Absolutely. 100% they are. No doubt. But again, here's the thing: you gotta ask for it. And so be clear that most of these things that you're asking for require you to make an outbound contact, which is a pain in the neck, I know that. But you must ask, and if you were negatively impacted then do ask for it.

By the way, for all you guys and gals out there who are trying to screw the system and you're not really impacted but you think you just want a little leeway: don't do that.

Yeah count yourself lucky if you don't need the help right now. Don't grab help that was meant for others.

Exactly.

Jill, this one may be state by state but in general: how long do I have to file for unemployment benefits? I've tried several times, I can't get past step four.

A lot of people are finding the process itself is challenging. You can't get through on the phone, the website may be confusing. Sometimes we've heard people get to a Yes/No question and whichever answer they give puts them into a loop that they can't get out of. So in general, is there some sunset that says, "sorry, too late. You didn't file in time?"

No, not right now. It's funny, I just got the exact same question. My sister's been trying to apply for unemployment in New York for the past six weeks. She's had to call to complete the process. Every time she calls, she gets hung up on. That's in New York, "hello and goodbye." 

So we've heard horrible stories about this. Just know, they're under-resourced, they've got terrible systems and you have got to be persistent. There should not be any sort of magic drop dead date that you won't get these benefits.

This next one - you read these and you realize the depth of the pain that's out there - I'm a stage four cancer patient, work two jobs and now laid off of one of them. What financial help is there to help pay for my treatment, medicine, etc? Insurance covers most but my portion is something I can no longer afford.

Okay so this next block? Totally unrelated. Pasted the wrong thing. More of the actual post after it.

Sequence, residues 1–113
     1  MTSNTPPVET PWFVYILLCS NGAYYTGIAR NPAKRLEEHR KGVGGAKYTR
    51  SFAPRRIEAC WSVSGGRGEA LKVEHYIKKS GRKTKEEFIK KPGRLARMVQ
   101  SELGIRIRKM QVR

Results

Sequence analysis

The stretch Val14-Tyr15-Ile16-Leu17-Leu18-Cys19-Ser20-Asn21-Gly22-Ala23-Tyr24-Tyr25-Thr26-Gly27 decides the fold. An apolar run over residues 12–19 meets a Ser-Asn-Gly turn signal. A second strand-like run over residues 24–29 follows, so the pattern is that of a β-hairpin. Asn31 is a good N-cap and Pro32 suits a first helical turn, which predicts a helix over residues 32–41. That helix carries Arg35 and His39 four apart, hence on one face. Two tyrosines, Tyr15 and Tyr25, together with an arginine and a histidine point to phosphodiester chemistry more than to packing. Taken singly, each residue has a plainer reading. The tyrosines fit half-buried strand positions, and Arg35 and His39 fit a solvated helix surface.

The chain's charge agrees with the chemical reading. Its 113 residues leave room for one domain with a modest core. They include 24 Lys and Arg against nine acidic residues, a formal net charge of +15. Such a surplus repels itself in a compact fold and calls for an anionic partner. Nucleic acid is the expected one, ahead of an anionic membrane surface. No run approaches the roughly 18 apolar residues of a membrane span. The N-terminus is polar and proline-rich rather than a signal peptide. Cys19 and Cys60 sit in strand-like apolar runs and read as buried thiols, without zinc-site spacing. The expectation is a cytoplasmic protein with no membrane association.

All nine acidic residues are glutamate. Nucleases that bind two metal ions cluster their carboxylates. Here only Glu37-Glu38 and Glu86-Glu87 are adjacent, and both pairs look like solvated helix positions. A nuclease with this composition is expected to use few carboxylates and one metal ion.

I think that this is a case where you've got to talk to the providers directly. And somehow or other it's sort of easier to call a nameless, faceless bank and ask for forbearance. But you've got to talk to your medical providers and you've gotta say exactly what's going on. I wouldn't even go to the insurance company, I would go to the doctors and oncologists that you're working with. I would explain to them what's going on and let them help you. If you just go into a system and you call an insurance company, you may or may not get help, I don't know. But I would tell you that it's much better to deal with the individual that you know to try to get that help.

What prospects are there for relief for the tens of thousands of families that are storing household belongings in storage facilities, sometimes at rates of hundreds of dollars a month, who will lose those belongings if they can't continue to pay because of the pandemic?

That's a question that maybe leads into a broader discussion of prioritizing what you're paying.

Yeah that's wild, I actually haven't heard that one. Now you just played a little stump the DJ on me. I don't know what happens to those. Again, I think you always have to be in touch with these people and tell them what's going on. I don't know, I mean there's probably some kind of forbearance that you could get, but I don't know if a storage facility would be instructed by say, the FDIC. So the banks are all being instructed by the government, FDIC, the Fed and the Treasury to provide forbearance; I don't know if a storage company would be included in that. I'd like to think so but I haven't heard that yet.